• Germany edition
 
The Local Interviews
'Ampelmann is a positive symbol of the GDR'
Photo: DPA, Markus Heckhausen.

'Ampelmann is a positive symbol of the GDR'

Published: 23 Aug 2013 17:45 GMT+02:00
Updated: 23 Aug 2013 17:45 GMT+02:00

It was 1996 when designer Markus Heckhausen arrived on the Berlin art scene from his native Tübingen in south west Germany. In the former communist east of the city, “everything was still so grey and brown and at night, it was complete darkness,” he told The Local.

“I walked around the streets keeping an eye out for things from the old East, as the new government was replacing everything,” he said. This meant there were plenty of old pedestrian crossing lights - the Ampelmann - lying around, no longer guiding East Berliners across the streets.

“I was speechless that such a characterful, recognisable figure could be so easily replaced,” he said. “I don't think the West thought about them being a part of the country's identity,” the 52-year-old explained.

Driving an old East German Trabant car, he set off to collect as many discarded pedestrian crossing lights as possible from around the old GDR and brought them back to the re-united capital in his boot.

He then set to work making new lamps out of the old lights. “I made the first 200 lamps myself,” said Heckhausen. It was these lamps that kicked off the business. He sold all of them between the summer and winter of 1996. “They became a cult favourite really quickly,” he said, although he was surprised at how quickly it happened.

Nearly two decades later, Heckhausen holds the copyright to the iconic Ampelmann design alongside its original creator, Karl Peglau, who was sceptical of Heckhausen’s project at first. But after getting to know the artist he was soon on-board, becoming not only a shareholder, but also a father figure in the company until his death in 2009.

Together they turned the design firm into a €7-million business and in doing so made the Ampelmann into something East Germans could be proud of.

Ossi, a term for people living in the GDR, “was such an insult. But the Ampelmann started to change that as it was something more positive,” the father-of-three said. As interest grew, Heckhausen said that he began to realize the green man was “a symbol that the GDR was more than just the Stasi.”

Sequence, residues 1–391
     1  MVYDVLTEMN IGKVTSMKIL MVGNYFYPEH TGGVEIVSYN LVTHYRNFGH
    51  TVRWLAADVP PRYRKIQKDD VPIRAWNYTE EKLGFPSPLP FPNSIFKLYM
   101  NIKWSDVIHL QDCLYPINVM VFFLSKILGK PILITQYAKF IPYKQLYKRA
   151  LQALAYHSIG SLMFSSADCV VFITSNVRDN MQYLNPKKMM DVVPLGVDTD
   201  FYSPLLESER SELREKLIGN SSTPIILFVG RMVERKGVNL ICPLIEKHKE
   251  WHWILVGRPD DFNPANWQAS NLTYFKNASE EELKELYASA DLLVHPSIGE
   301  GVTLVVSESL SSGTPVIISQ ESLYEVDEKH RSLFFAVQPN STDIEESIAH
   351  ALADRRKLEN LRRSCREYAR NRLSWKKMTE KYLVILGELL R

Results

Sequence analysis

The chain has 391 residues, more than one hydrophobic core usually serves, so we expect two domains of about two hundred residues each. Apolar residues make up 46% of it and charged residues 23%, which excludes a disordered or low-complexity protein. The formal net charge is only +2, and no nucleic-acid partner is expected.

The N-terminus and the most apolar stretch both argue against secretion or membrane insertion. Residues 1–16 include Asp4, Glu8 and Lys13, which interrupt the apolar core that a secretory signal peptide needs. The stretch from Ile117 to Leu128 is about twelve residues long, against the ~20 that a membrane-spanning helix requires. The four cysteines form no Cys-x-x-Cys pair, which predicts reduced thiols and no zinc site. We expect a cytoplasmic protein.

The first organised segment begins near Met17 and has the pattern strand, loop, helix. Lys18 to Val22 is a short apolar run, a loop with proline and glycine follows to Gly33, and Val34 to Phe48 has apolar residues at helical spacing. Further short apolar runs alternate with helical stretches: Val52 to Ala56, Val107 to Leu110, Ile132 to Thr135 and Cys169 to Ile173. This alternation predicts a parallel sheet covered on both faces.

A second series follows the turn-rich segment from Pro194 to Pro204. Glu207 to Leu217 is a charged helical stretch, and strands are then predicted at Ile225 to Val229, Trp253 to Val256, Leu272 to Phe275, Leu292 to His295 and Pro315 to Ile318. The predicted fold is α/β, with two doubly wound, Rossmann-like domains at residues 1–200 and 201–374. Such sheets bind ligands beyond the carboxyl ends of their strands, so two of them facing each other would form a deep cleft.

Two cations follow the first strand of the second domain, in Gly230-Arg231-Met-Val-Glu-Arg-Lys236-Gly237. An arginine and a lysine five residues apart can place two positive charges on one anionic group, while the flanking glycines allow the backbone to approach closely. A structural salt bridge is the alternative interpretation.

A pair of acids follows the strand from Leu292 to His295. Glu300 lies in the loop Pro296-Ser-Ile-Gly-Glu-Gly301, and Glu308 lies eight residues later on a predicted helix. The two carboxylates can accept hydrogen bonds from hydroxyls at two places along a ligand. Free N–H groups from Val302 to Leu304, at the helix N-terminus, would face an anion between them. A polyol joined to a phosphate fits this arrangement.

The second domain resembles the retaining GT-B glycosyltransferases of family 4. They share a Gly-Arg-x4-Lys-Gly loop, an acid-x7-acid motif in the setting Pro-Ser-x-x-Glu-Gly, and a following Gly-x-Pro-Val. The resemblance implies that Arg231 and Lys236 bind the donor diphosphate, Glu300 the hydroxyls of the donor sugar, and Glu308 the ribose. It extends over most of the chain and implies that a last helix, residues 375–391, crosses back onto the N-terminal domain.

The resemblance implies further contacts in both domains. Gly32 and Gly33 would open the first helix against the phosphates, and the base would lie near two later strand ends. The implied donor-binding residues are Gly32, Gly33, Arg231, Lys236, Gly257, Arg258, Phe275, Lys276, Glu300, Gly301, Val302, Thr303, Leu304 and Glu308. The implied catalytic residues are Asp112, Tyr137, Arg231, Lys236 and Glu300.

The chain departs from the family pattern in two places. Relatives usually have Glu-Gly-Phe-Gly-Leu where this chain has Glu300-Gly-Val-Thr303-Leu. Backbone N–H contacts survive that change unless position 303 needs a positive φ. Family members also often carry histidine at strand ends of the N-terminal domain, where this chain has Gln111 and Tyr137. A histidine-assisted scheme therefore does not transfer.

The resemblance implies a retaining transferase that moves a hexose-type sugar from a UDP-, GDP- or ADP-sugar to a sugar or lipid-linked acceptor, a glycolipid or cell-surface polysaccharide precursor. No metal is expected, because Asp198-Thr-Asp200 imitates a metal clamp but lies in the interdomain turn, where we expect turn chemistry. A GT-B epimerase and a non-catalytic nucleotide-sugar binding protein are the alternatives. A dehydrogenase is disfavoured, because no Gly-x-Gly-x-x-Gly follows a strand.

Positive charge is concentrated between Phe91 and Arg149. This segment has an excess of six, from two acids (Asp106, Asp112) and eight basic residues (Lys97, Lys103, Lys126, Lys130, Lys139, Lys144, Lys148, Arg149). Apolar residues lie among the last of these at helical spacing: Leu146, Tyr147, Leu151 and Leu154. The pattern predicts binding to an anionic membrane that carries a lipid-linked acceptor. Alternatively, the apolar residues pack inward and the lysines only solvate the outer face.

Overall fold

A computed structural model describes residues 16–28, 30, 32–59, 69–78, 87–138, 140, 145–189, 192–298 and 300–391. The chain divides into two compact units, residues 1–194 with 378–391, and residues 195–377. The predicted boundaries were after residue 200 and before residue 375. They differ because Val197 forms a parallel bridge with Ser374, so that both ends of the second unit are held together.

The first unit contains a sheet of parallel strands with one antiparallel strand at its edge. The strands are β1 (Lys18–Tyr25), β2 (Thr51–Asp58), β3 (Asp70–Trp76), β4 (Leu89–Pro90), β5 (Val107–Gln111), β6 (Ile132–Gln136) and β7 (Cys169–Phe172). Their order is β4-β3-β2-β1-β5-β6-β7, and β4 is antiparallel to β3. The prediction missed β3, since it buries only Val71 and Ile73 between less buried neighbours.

It was when the initial cult hype died down, that Heckhausen realised he had to move the company forward. “We thought about making a film or a song, but then decided to make a whole range of products surrounding the Ampelmann,” he said.

Now the walking man image has been stamped onto everything from tea towels to pasta. “It's important for me, as a designer, that we keep the up the standard of quality,” he said.

Next on the agenda for Ampelmann, now that the company has four shops, a restaurant and a cafe, is setting up a foundation to help educate children about road safety. “It's okay that it's a popular souvenir,” said Heckhausen. “But it's important that we can use it to give something back to the city.”

Jessica Ware

The Local (news@thelocal.de)

Don't miss...X
Left Right

Your comments about this article

Today's headlines
Olympic visions compete in Berlin and Hamburg
Berlin and Hamburg mayors Klaus Wowereit and Olaf Scholz on Monday. Photos: DPA

Olympic visions compete in Berlin and Hamburg

Germany's capital and its gateway to the North Sea each released details of their Olympic bids on Monday as the race for the 2024 or 2028 summer games nominations picks up momentum. READ  

Merkel details Iraq arms shipment to MPs
Angela Merkel addressing the Bundestag on Monday as her ministers look on. Photo: DPA

Merkel details Iraq arms shipment to MPs

UPDATE: Chancellor Angela Merkel addressed the Bundestag on Monday to explain her government's decision to send weapons to Iraqi Kurds fighting terrorist group Isis. READ  

UN applauds Germany's help to refugees
DPA

UN applauds Germany's help to refugees

UNHCR Commissioner Antonio Guterres is lauding Germany's role in accommodating the influx of refugees in Europe, while pointing at the imbalance of effort within the EU. The federal government has pledged to do more. READ